Be Social!

Just because you are taking an online course doesn't mean you can't meet up with your classmates!  Online courses shift how you engage with your professor and other students but don't be afraid to reach out with questions or connect about the course.  When you study and collaborate on projects, you won't have as many opportunities to run into each other on campus, so don't be shy and reach out to set up study meet-ups and try getting to know your classmates. 

Your coursework will generally fall into two categories: course materials and activities.

Course Materials:

The course materials may include handouts, readings from a textbook, multimedia, video or audio lectures, PowerPoint presentations, and more.   You may be expected to read, watch and/or listen to these materials before completing your assignments. 

​​
Course Activities: 

These can include all the activities you would do in a face-to-face class, except you will be expected to submit them online.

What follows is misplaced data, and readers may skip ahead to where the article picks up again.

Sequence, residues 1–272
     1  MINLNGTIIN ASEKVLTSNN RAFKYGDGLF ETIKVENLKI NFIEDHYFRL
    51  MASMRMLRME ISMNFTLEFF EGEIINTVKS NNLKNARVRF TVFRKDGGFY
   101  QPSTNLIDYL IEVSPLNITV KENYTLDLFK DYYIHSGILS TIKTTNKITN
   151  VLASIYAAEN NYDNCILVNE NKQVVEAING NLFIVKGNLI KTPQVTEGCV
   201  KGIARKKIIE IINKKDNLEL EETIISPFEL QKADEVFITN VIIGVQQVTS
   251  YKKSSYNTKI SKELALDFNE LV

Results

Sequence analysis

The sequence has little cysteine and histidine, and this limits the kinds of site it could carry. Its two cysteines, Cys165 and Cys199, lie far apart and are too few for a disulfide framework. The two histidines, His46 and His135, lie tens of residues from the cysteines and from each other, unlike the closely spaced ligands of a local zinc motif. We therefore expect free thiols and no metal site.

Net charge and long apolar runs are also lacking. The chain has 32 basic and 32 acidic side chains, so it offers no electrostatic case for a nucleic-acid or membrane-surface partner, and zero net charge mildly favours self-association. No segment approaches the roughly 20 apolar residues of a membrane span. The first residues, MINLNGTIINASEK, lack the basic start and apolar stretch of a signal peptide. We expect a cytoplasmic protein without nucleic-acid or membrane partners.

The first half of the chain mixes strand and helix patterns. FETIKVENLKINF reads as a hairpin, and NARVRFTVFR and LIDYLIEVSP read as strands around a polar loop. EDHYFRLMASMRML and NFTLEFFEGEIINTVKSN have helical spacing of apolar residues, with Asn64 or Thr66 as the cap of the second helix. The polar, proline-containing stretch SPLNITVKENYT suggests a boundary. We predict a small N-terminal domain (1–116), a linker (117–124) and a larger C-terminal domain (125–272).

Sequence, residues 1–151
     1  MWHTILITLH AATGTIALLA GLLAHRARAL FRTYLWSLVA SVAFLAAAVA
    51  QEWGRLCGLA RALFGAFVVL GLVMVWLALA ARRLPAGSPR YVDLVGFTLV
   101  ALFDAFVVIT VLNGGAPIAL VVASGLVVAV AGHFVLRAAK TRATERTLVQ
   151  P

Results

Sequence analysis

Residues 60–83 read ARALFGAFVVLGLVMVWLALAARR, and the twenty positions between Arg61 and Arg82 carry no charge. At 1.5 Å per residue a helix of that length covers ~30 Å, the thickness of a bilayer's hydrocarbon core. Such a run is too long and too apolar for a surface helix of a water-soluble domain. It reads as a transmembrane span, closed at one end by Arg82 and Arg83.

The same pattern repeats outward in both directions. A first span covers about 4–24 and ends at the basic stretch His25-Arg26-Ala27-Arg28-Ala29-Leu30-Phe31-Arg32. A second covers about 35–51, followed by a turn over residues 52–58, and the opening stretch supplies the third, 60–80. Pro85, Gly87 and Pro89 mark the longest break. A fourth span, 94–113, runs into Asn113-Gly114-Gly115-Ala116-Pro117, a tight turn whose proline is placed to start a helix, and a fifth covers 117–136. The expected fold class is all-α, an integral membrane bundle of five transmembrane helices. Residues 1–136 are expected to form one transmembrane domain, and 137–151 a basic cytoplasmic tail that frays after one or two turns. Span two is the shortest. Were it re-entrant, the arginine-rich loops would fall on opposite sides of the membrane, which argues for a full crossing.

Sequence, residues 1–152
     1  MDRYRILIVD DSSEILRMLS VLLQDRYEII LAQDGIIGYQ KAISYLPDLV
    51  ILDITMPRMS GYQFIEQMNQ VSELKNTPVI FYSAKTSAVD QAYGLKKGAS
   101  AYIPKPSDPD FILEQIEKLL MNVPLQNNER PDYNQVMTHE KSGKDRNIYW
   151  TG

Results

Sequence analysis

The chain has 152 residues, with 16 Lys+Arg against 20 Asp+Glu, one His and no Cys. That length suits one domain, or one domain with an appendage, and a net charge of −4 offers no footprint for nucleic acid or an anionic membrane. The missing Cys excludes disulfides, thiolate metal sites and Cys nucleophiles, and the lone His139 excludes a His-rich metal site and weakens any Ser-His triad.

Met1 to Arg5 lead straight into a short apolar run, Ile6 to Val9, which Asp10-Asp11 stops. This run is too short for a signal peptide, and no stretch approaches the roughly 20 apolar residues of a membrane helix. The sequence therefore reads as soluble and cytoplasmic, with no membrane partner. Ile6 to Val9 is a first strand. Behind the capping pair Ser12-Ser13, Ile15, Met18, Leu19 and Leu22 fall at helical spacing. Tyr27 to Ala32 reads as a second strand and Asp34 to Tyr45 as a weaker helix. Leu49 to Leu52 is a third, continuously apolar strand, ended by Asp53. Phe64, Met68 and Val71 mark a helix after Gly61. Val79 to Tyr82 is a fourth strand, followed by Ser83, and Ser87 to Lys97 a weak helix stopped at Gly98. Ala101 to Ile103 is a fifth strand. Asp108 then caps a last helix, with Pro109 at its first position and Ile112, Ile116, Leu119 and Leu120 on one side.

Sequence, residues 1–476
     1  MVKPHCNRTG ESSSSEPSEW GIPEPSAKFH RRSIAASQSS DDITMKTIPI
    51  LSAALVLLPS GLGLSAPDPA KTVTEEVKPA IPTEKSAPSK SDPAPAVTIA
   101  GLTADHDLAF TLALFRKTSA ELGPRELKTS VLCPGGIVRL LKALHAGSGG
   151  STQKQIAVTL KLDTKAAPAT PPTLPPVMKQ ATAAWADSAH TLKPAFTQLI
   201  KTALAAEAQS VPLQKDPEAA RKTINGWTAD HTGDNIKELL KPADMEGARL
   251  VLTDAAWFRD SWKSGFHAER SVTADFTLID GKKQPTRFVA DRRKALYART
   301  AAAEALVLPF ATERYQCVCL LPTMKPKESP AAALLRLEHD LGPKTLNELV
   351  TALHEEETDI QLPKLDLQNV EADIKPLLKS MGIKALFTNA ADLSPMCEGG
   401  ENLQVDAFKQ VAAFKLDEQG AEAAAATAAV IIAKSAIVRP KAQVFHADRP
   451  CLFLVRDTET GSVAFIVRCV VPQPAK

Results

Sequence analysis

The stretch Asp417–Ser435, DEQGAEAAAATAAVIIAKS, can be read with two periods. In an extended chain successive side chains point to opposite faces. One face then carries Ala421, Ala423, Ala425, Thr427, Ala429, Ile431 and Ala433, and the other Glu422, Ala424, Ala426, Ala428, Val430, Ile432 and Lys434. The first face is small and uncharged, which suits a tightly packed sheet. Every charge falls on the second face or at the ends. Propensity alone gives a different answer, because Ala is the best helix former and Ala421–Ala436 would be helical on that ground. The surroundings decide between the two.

Some activities will be asynchronous, meaning you can work on them at your convenience.  They will still have due dates, but you have more flexibility.  These activities include threaded discussions, wikis, blogs, journals, group work, and more. 

Synchronous assignments will require you to be online at the same time as your professor and/or classmates.  These may include live chat sessions or video conferencing sessions.  Your professor may also offer virtual office hours synchronously.  Virtual sessions in Blackboard will use Blackboard Collaborate.   Faculty may also use other video conferencing tools like Zoom or Microsoft Teams.

You may have a combination of group assignments and individual work. 

Activities may be brief such as weekly homework, and others may involve semester-long projects. 

It's important to familiarize yourself with the tools needed for the activities early on. 

 

III. Balance